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Speaking on the publication of the report, Head of Asset Management in Irish Water, Sean Laffey, said

“The recently published National Planning Framework confirmed the urgent need for a new long-term water supply source for the Eastern and Midlands Region by the mid-2020s, to provide for projected growth up to 2050 and to ensure that the region has a safe, secure and resilient water supply for the region."

"Public participation and landowner engagement have been an essential part of the Water Supply Project, Eastern and Midlands Region development since the project began. Feedback received during the public consultation open days, landowner evenings and stakeholder meetings, and through our Landowner Liaison Officers, as well as by post, email and over the phone has all been considered and is reflected in the Consultation Submissions Report, he added.

"A wide range of issues were raised by the public including the need for the project; alternative options; planning and construction; environmental issues; and the cost and funding. We would like to sincerely thank everyone who took the time to participate. Their engagement and input has helped us develop a long-term strategic investment project that we believe is environmentally sustainable and will bring economic benefits to the whole country.”

"The review of the project, its alignment with the National Planning Framework and analysis of all of the feedback has confirmed definitively that existing water supply sources do not have the capacity or resilience to meet future requirements of homes and businesses in Dublin and the midlands."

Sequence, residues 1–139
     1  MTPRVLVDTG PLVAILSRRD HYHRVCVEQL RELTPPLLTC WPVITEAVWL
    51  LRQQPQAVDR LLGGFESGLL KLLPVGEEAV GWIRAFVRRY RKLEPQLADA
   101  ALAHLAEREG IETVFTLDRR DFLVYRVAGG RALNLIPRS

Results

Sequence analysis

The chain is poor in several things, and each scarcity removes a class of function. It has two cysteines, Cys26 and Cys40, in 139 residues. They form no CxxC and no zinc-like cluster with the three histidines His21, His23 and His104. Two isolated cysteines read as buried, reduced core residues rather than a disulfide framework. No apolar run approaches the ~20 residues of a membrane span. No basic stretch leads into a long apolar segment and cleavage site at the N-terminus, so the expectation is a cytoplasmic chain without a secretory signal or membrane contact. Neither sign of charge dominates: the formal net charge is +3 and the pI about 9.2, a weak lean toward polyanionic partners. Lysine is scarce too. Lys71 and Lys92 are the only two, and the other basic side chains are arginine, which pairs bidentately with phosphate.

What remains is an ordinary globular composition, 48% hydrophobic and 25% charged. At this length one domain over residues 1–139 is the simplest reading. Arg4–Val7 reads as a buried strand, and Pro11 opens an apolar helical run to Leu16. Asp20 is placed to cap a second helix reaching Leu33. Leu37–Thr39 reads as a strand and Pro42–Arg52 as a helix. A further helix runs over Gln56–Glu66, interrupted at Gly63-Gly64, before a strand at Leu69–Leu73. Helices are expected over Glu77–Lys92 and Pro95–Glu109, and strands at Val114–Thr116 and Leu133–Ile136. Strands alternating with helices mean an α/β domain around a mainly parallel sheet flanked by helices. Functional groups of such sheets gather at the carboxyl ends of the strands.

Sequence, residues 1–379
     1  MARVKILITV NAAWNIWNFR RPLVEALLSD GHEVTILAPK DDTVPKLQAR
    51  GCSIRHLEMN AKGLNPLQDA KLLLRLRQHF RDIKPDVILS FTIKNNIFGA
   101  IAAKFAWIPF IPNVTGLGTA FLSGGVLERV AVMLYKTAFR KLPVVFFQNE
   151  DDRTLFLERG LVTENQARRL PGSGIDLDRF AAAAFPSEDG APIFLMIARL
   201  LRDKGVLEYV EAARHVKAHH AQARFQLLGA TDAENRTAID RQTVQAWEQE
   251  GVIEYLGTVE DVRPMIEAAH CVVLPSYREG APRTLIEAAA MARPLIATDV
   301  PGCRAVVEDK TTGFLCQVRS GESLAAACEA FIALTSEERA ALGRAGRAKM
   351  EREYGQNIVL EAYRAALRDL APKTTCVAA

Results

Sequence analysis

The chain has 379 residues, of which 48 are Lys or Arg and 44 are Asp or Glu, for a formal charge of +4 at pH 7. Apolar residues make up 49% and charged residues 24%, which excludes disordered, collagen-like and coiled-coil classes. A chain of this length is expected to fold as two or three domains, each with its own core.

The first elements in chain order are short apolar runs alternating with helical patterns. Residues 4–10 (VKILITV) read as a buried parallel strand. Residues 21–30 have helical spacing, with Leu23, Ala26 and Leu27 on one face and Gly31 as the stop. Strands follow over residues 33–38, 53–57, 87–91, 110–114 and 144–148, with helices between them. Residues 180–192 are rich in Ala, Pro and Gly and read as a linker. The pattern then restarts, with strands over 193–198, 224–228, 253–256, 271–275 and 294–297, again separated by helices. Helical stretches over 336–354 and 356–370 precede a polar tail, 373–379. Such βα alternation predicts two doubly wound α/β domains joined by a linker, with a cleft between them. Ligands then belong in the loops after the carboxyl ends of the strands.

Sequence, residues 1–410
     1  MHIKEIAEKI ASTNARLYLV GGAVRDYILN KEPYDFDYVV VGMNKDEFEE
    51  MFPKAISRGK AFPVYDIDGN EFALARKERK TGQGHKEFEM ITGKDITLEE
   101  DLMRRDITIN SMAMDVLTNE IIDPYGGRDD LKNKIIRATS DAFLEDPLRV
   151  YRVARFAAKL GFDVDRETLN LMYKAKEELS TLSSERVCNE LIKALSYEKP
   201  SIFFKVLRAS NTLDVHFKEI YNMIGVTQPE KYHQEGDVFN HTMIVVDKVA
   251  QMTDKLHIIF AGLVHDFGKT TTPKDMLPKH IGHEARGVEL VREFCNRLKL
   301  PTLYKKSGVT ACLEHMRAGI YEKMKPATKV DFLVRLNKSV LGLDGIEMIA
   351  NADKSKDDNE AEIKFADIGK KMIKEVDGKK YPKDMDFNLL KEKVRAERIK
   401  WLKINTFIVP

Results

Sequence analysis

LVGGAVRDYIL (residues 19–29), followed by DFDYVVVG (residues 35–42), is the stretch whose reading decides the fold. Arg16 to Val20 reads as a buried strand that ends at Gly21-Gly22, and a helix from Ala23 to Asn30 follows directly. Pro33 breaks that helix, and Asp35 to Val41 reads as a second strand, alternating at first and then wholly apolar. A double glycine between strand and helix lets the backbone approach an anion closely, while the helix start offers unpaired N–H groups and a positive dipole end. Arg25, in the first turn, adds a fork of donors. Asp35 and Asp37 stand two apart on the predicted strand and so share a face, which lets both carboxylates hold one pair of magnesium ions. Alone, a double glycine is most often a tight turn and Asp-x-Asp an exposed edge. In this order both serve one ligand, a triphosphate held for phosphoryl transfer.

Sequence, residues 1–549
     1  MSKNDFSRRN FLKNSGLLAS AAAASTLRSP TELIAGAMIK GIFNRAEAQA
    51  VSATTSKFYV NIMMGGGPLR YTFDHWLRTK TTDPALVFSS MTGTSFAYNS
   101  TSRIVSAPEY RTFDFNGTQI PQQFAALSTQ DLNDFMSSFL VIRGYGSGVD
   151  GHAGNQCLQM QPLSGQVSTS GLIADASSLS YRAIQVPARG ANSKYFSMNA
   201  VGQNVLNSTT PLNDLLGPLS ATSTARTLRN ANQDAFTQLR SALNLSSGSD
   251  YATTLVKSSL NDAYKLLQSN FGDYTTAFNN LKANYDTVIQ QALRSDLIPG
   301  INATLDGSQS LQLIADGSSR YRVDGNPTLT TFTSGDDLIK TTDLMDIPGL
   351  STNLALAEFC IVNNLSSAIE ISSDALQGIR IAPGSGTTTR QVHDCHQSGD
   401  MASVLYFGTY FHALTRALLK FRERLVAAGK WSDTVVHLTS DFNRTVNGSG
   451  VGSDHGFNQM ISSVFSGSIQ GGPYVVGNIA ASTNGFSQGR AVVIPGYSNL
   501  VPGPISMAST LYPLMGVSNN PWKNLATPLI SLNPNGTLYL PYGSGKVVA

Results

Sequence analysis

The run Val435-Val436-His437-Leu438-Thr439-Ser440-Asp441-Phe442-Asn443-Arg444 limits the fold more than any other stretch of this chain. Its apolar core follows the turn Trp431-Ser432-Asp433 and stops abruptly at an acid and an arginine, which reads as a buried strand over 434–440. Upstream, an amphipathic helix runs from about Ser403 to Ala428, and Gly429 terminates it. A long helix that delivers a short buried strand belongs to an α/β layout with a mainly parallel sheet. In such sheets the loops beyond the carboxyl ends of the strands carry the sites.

"Forecast population and economic growth will generate a demand for an additional 330 million litres of water per day by 2050 to give both the GDA and the midlands regions the resilience and reliability of service that is essential to inspire public confidence and continue to attract economic opportunity."

Irish Water says has updated the project documentation to reflect all relevant new data available since the original Project Need Report was published in March 2015. This takes full account of the Census 2016 data, National Planning Framework, the forthcoming draft Irish Water National Water Resources Plan, and the recently published River Basin Management Plan.

“The future water needs of Dublin and the Midlands cannot be met by fixing leaks alone. Leakage in the Greater Dublin Area network is at 36% and there are 9,000km of water pipes with over 600,000 connections. Irish Water is rolling out a comprehensive Leakage Reduction Programme which combines active leak detection with customer side monitoring supported by targeted mains replacement of the leakiest pipes based on burst frequency.

"This industry standard approach is the most technically and economically achievable way of managing network leakage and will deliver major savings through a number of investment cycles. However, this cannot keep pace with growth needs. This is before allowing for extreme weather events such as the drought that affected the midlands last summer or the multiple bursts and water shortages that followed Storm Emma.

"Irish Water is now satisfied beyond doubt that the preferred Parteen Basin option is the correct scheme and its delivery is critical for the future. This option will bring the widest benefit to the greatest number of people with the least environmental impact and in the most cost effective manner. The Water Supply Project is a major priority for Irish Water as we move towards the submission of a planning application in 2019,” concluded Mr Laffey.